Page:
Over 50 percent of Medi-Cal patients involved in the initial phases of the transition had been automatically assigned to health plans due to failure to respond to notices during the enrollment period. Was this truly the patient’s fault? Or was this the result of poor planning, lack of communication or other language barriers? Nonetheless, CMA has received numerous reports of patients losing access to physicians who cared for them for many years, and have also received an increasing number of complaints of plans and IPAs/medical groups refusing to contract with physicians who have been long time Medi-Cal providers.
While CMA has continued to work with the Department of Health Care Services (DHCS) to address those issues, the state now is seeking approval from the Centers for Medicare & Medicaid Services (CMS) to shift “dual eligibles” (persons with Medicare and Medi-Cal coverage) into Medicare and Medi-Cal managed care plans in four counties including Los Angeles, Orange, San Diego and San Mateo on January 1, 2013. If the state plan is approved by CMS, patients will begin receiving enrollment notices on October 1 through November 31 of this year. Furthermore, the state is once again seeking authority to automatically enroll individuals who do not actively enroll or opt-out within the required time frame.
The state’s plan is currently in a thirty (30) day public comment period. CMA is collecting data on the extent of problems and other issue physicians and their patients have experienced thus far. Examples of delayed and/or denied medical treatment, disruption in continuity of care, and other issues that negatively impacted the financial viability of your practice can be extremely powerful.
Your participation in this survey is crucial. The information you provide will be reflected in CMA’s response to the state’s proposal and will help us better advocate for solutions.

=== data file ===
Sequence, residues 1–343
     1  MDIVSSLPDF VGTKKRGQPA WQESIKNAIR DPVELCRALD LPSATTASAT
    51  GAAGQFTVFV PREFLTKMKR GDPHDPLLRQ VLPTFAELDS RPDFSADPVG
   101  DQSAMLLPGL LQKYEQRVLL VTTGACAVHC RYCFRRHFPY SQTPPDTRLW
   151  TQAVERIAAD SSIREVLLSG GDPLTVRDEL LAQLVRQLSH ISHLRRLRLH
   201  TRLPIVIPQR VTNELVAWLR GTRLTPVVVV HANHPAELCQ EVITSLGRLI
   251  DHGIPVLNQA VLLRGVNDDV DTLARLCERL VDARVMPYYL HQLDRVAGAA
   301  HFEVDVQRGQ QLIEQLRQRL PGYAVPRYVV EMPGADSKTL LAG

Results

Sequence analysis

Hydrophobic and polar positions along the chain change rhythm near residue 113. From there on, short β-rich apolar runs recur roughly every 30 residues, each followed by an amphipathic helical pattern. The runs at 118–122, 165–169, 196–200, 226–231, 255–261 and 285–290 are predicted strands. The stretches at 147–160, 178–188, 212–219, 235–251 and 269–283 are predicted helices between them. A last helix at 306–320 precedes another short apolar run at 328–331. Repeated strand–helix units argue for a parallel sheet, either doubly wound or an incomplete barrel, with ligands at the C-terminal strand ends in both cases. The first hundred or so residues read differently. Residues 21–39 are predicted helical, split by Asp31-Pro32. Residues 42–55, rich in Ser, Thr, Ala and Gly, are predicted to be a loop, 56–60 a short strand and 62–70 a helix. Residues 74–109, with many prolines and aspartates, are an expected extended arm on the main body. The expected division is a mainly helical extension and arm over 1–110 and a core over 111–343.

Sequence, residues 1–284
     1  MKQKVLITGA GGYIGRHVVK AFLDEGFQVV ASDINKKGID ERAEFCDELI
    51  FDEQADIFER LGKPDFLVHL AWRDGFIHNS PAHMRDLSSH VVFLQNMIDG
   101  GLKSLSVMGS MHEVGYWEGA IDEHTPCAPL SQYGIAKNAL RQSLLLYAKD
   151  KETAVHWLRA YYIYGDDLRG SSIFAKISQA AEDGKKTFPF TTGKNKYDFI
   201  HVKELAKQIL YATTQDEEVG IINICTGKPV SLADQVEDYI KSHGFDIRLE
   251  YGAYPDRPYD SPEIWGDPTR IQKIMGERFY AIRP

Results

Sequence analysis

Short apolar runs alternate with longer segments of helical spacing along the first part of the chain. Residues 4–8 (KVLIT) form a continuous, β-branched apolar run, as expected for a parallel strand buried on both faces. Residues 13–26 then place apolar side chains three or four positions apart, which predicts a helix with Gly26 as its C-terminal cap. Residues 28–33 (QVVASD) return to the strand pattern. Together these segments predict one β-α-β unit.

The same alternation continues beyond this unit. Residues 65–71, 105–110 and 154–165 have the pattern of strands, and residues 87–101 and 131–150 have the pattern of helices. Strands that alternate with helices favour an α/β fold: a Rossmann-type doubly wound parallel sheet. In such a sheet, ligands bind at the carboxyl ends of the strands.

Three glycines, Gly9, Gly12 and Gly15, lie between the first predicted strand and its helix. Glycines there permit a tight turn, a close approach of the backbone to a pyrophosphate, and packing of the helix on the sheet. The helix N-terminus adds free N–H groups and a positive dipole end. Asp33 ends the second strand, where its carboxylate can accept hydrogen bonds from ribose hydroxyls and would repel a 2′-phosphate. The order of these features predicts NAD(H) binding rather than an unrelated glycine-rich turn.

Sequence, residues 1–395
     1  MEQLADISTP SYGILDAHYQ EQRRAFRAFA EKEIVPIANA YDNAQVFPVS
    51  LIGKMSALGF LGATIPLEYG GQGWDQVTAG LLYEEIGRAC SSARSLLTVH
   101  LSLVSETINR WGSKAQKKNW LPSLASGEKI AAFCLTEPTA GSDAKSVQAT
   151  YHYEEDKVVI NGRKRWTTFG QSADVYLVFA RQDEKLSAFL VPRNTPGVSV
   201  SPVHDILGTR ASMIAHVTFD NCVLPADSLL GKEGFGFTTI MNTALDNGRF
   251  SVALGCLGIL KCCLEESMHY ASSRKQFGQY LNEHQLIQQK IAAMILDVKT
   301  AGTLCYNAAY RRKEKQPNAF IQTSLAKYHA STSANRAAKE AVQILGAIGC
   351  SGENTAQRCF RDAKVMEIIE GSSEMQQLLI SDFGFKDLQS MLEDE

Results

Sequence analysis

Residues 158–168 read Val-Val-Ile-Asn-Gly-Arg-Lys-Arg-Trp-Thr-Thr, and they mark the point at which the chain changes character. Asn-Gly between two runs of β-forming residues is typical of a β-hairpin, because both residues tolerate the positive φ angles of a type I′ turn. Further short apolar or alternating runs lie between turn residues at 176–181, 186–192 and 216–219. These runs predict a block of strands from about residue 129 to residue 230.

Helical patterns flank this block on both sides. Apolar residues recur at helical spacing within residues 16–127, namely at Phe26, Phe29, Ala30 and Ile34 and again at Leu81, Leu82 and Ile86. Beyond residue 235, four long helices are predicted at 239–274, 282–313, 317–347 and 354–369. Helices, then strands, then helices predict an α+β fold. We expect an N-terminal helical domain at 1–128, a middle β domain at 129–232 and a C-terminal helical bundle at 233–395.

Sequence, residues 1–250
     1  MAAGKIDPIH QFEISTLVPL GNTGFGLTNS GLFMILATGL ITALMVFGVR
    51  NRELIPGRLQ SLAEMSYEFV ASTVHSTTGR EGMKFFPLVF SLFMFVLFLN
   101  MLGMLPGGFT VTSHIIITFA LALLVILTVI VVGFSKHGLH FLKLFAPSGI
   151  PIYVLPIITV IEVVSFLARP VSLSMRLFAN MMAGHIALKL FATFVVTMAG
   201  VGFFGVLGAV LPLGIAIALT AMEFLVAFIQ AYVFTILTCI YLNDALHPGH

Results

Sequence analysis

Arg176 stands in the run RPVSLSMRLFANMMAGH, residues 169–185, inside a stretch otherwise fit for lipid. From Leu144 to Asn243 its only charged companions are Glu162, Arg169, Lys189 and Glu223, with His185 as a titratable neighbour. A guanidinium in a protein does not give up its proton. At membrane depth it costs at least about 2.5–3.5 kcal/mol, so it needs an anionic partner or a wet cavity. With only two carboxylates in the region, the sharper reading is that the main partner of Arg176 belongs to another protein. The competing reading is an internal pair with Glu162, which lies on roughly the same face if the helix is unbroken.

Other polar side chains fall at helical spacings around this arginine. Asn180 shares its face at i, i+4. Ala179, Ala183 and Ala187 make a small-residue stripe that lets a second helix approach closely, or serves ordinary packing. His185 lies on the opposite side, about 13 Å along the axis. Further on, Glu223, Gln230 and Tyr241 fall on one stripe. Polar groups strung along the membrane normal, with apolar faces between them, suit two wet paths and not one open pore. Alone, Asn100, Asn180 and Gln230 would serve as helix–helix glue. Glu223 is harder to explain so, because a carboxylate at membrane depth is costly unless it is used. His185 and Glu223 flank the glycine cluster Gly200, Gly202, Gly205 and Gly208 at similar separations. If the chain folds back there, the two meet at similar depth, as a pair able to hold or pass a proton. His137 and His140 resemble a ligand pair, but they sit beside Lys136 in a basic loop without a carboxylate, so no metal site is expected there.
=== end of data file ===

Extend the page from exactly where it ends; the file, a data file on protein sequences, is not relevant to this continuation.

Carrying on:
By Steve Heilig, SFMS Assistant Executive Director
The New York Times just printed a cover story titled "Tightening the Lid on Pain Prescriptions." The Wall Street Journal printed one on the same topic a week before.
Clearly, we have a serious problem -- two of them, in fact. It's long been demonstrated that pain has been widely under-treated in this country. Efforts to improve that have been underway for some time. But it's also increasingly recognized that unwise use of pain medications is a growing epidemic, with dire results: Fatal, unintentional drug overdoses occur every 19 minutes in this country, and opioid analgesics -- oxycodone, for example -- have been responsible for more of these deaths since 2003 than heroin and cocaine combined. And that's just the tip of the abuse/addiction epidemic. For every such death related to opioid analgesics, 461 people report nonmedical use of these meds, and 35 visit an emergency department. There, doctors learn to dread them -- the patients who might be "drug-seekers," or might be in real physical pain, or might be both.
These are not entirely mutually exclusive diagnoses. Addiction is painful -- it has even been likened to slavery. And many addicts started as honest people in physical pain. Medication diversion and abuse has become a major epidemic. Up to three-quarters of non-medical opioid users report their drugs were prescribed to somebody else -- in other words, they are sharing and selling them.
The April issue of San Francisco Medicine contains authoritative perspectives on some of the issues, including: An overview of the "pain problem", A review of the addiction epidemic and strategies to combat it, A review of the use of cannabinoids for pain, and How yoga can help with pain.
Clearly there is much to be done in terms of addressing both epidemics of under-treated pain and pain medication abuse and addiction. California’s official medical guidelines for managing pain are available online here.